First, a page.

Precise tests of acuity, spatial and temporal contrast, colour and stereo vision
Metropsis is a complete test suite suitable for clinical, pre-clinical research, applied vision research, drug trials, screening, sports science and human factors research. The tests have been developed to investigate diseases of the eye and the brain, as well as changes in visual functions as a secondary effect of systemic disorders, such as cardiovascular diseases or neurological dysfunctions.
Guide Price: £13250
Achromatic temporal contrast sensitivity function
Measurements of temporal contrast sensitivity functions are obtained using standard psychophysical procedures and stimuli.
Metropsis provides accurate measurements of the observer's ability to see low contrast temporal stimuli, making it very suitable for assessing and monitoring eye diseases, such as age-related macular degeneration and glaucoma, or to evaluate visual functions of systemic disorders, such as cardiovascular or neurodegenerative diseases, and diabetes.
Default test protocols are preset and locked for quick and easy testing; however, the psychophysical and stimulus parameters are highly configurable, and can be unlocked for advanced users.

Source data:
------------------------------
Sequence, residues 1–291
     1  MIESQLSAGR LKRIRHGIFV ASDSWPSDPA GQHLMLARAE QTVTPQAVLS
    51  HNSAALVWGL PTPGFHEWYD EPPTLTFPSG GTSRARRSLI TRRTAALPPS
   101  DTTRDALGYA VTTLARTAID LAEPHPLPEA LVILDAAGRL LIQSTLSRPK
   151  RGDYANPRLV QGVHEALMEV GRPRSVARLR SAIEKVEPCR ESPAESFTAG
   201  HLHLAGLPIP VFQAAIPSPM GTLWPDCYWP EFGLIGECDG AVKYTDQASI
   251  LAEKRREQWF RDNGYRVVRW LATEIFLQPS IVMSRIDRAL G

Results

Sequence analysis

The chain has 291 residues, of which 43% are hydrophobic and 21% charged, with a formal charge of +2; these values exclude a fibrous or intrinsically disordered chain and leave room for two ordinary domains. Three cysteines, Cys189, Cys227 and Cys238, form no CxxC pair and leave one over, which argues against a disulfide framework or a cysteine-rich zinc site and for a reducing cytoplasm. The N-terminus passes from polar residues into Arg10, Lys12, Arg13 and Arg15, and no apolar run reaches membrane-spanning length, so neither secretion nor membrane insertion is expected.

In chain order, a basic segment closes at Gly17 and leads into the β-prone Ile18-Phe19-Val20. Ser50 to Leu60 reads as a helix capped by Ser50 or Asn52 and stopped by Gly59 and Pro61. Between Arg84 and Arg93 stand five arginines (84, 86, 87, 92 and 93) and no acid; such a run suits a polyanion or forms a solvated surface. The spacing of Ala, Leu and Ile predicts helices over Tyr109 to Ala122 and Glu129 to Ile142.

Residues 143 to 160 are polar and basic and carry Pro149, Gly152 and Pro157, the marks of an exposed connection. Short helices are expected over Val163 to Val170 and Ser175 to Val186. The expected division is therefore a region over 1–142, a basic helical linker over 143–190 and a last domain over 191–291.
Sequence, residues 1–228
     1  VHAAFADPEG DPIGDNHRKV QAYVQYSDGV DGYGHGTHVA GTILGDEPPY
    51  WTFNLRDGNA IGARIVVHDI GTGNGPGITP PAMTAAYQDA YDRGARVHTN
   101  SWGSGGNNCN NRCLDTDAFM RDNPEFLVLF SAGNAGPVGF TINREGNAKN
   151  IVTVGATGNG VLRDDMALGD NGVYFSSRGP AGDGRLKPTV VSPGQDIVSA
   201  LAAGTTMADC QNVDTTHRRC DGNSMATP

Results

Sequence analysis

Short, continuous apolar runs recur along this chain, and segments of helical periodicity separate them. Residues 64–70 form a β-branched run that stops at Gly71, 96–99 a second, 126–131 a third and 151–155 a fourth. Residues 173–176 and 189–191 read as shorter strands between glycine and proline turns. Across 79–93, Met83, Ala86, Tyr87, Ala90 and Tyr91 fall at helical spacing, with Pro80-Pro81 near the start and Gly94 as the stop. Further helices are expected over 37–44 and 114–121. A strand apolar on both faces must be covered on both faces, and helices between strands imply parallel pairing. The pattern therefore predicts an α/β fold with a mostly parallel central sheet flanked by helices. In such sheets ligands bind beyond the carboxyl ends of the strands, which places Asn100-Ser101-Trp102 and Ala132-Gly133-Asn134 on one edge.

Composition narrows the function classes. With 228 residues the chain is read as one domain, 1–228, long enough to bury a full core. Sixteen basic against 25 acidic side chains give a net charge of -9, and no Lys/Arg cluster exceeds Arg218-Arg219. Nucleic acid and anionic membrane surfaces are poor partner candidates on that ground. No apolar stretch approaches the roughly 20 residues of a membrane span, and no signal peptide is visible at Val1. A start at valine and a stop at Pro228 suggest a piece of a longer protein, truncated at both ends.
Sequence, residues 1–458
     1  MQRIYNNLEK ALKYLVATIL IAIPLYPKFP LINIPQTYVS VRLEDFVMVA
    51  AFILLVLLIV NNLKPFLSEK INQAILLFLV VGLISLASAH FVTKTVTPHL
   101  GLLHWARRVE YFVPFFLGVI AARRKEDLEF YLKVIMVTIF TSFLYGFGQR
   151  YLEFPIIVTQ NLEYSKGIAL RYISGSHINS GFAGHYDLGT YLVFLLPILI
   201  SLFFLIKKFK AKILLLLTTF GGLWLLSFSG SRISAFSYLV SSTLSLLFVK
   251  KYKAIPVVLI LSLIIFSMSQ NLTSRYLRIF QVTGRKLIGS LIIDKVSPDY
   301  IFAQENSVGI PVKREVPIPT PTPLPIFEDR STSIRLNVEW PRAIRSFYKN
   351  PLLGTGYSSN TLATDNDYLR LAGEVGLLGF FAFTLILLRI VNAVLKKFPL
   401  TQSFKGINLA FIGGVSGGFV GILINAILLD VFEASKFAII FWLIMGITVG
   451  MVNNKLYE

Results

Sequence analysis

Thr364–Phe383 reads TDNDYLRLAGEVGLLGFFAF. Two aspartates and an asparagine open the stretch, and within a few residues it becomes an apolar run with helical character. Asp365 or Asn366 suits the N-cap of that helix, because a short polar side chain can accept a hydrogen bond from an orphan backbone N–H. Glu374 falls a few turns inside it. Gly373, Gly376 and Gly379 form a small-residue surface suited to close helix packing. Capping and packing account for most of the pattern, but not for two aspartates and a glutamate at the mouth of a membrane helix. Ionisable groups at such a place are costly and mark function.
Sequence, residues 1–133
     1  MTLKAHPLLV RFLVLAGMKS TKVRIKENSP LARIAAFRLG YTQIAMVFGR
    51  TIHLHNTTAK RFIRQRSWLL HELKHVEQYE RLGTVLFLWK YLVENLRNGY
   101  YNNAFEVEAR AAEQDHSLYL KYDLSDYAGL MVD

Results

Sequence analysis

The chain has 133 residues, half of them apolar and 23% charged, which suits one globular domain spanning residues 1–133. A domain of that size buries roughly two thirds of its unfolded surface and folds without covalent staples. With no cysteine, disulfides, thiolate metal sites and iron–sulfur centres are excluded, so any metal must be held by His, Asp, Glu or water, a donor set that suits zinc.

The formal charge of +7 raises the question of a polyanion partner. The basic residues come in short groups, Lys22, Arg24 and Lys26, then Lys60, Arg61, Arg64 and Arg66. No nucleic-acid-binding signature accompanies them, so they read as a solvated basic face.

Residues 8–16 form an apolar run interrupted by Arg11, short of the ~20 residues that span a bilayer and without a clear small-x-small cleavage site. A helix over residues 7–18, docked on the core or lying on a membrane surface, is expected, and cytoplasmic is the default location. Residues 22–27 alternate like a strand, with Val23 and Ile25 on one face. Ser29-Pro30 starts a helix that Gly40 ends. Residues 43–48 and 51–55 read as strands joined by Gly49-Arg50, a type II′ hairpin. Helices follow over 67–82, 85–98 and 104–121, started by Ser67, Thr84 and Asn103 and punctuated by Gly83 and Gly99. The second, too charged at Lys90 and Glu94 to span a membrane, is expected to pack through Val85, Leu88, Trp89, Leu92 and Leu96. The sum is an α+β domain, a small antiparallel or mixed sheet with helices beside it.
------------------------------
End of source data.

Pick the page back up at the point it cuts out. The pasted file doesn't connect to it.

For advice on setting up your own protocols, please contact our Staff Scientist.
Temporal Contrast Sensitivity Function (TCSF)
The TCSF protocol measures temporal contrast sensitivity using a Gaussian blob target presented in the centre of the screen.
In the default protocol, temporal contrast sensitivity is measured across 10 temporal frequencies. For each temporal frequency, the testmeasures the minimum amount fo contrast required to detect the flicker.
The target consists of a Gaussian blob, presented in the centre of the screen. In each trail the may be either steady, or flickering.
The observer’s task consists in responding whether the target was flickering or not by pressing the left-hand side button of the response box if it was flickering or the right button if it was steady.
The test lasts approximately 25 minutes. When the experiment is complete, the data are plotted and fit as a graph of contrast sensitivity function.